The vanishing internet
I’ve saved things from the internet. Art, pictures, videos, texts. Some were allowed, encouraged even, others not directly discouraged, others forbidden to be republished.
Fast forward a few years: the canonical source is gone. Images, videos, texts, thoughts, life fragments deleted. Domains vanished, re-purposed, sold. There are no redirects, just a lot of
404 Not Found. And, in countless cases, this wasn’t even on purpose: the provider deleted them, declared bankrupt, went on ‘an incredible journey’ of acquisition1, and now that piece of art, those last words from a DnD set is nowhere to be found.
On top if this, we now have social networks: walled gardens of marvels. They have an amount of content never before was gathered to a single provider - but it’s forbidden goods.2. You’re not from here, you can’t play with us!
So you register. You bookmark. You 👍, you ❤, you ★. But that’s all inside, all locked away, and you won’t even be able to find them again3.
When I decided to clean up my Facebook account, I went through everything - including comments on a friends post4 - it’s a rare, world-readable Facebook note, mostly about how social media is reducing useful interactions on content. So I sent him the link, asking if anything changed in ~2 years and I got this reply:
bazzeg, mennyit kerestem ezt a posztomat!! :D (és ez így mennyire kemény mondat a kontenthez mérten :D) // fuckit, I’ve been looking all over for this post!! :D (and this, knowing the content, is a devastating statement :D)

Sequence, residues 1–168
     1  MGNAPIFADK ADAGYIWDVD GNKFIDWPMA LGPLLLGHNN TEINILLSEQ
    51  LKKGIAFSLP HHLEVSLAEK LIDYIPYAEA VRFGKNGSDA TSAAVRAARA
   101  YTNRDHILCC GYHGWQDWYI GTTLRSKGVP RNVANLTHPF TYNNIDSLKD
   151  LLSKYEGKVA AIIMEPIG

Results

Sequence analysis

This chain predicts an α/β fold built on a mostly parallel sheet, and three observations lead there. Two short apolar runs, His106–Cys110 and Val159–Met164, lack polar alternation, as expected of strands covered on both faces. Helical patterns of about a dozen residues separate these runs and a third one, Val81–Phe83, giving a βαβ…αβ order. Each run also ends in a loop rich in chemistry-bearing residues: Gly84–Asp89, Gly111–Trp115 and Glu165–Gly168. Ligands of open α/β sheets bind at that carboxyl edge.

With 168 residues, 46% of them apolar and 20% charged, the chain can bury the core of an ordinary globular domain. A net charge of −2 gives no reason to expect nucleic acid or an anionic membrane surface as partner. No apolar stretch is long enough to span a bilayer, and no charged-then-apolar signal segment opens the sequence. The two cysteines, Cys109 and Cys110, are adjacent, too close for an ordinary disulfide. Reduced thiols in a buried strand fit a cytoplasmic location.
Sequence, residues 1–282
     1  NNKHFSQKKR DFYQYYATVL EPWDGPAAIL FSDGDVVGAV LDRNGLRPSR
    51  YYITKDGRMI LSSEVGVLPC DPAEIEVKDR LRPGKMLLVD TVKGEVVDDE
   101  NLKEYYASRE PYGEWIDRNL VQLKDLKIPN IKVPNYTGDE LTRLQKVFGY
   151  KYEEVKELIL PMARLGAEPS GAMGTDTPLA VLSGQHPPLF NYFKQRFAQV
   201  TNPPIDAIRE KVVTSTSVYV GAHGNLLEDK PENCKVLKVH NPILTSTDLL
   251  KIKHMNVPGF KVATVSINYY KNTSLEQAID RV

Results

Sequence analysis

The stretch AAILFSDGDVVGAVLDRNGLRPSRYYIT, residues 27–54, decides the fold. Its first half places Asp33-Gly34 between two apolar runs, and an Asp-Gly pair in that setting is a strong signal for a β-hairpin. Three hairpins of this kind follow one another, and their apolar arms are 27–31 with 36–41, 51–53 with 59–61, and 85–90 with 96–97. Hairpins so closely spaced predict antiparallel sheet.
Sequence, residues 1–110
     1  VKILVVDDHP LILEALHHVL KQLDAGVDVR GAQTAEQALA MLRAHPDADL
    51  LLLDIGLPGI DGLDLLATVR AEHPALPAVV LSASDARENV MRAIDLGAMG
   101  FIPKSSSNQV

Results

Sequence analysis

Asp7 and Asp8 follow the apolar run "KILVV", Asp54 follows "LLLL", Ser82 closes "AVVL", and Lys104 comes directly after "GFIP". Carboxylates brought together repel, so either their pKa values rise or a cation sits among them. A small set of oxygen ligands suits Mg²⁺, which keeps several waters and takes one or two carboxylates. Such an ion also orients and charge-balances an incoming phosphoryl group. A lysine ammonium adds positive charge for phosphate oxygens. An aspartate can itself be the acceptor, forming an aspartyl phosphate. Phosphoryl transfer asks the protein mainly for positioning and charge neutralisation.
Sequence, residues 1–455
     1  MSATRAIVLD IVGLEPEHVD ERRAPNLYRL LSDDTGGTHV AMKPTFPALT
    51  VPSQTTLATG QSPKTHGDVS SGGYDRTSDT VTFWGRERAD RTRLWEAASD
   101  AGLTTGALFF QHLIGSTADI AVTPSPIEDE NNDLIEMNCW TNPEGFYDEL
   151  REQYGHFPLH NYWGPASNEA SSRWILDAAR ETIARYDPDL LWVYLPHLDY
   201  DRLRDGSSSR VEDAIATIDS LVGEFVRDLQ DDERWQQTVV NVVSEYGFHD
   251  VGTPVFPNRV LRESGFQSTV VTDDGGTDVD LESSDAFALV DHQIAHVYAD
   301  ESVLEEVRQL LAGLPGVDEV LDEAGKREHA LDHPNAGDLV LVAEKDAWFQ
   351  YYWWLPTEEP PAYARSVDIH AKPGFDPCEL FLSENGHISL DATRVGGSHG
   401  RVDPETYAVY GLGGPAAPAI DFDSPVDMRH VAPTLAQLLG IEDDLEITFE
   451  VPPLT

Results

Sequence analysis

Which highlights the insanity of Facebook: even though the text exists, it’s impossible to find it, even for it’s owner.
Would it be easier to search for something in text files? Hell yes. It may require a friend with arcane knowledge5, but it’s certainly something doable.
The place of social networks on the web
I’ve been “stalking” content via feeds - RSS and Atom - for many years, and, in the old blogging world, this was completely fine: comments and responses were the main indicator, not follower or like counts. Nobody was able to tell how many followers you had, and that was good.
What I recently discovered is that followers and reactions matter to many nowadays: these can decide popularity, even profitability, which makes reacting an important way of appreciation.
Besides this, the open web, the decentralized web, the real web comes with a big, so far unsolved problem: discovering interesting content on the web is really hard.
Even those who mostly create like to sometimes sit down at enjoy what others made; articles, paintings, music. Technorati used to index blogs6, but without it, the blogsphere fell apart, because people never figured out how to discover without central hubs.
I believe that some social networks, especially content- and art-sharing ones, like Tumblr, DeviantArt, 500px, SoundCloud, are irreplaceable for finding and sharing whatever interests you.
There are ongoing attempts to address discovery: some want to bring blogrolls back7, which is the old world equivalent of today’s listing of who and what you follow; others are experimenting with recommendation systems for their sites, but these efforts are not there yet.
Still, they come at a price: whatever you discover in these walled gardens, these silos, will stay in there. If they are gone, all of that magnificent content will be gone as well, and you’ll never find it again - unless they are present somewhere else as well.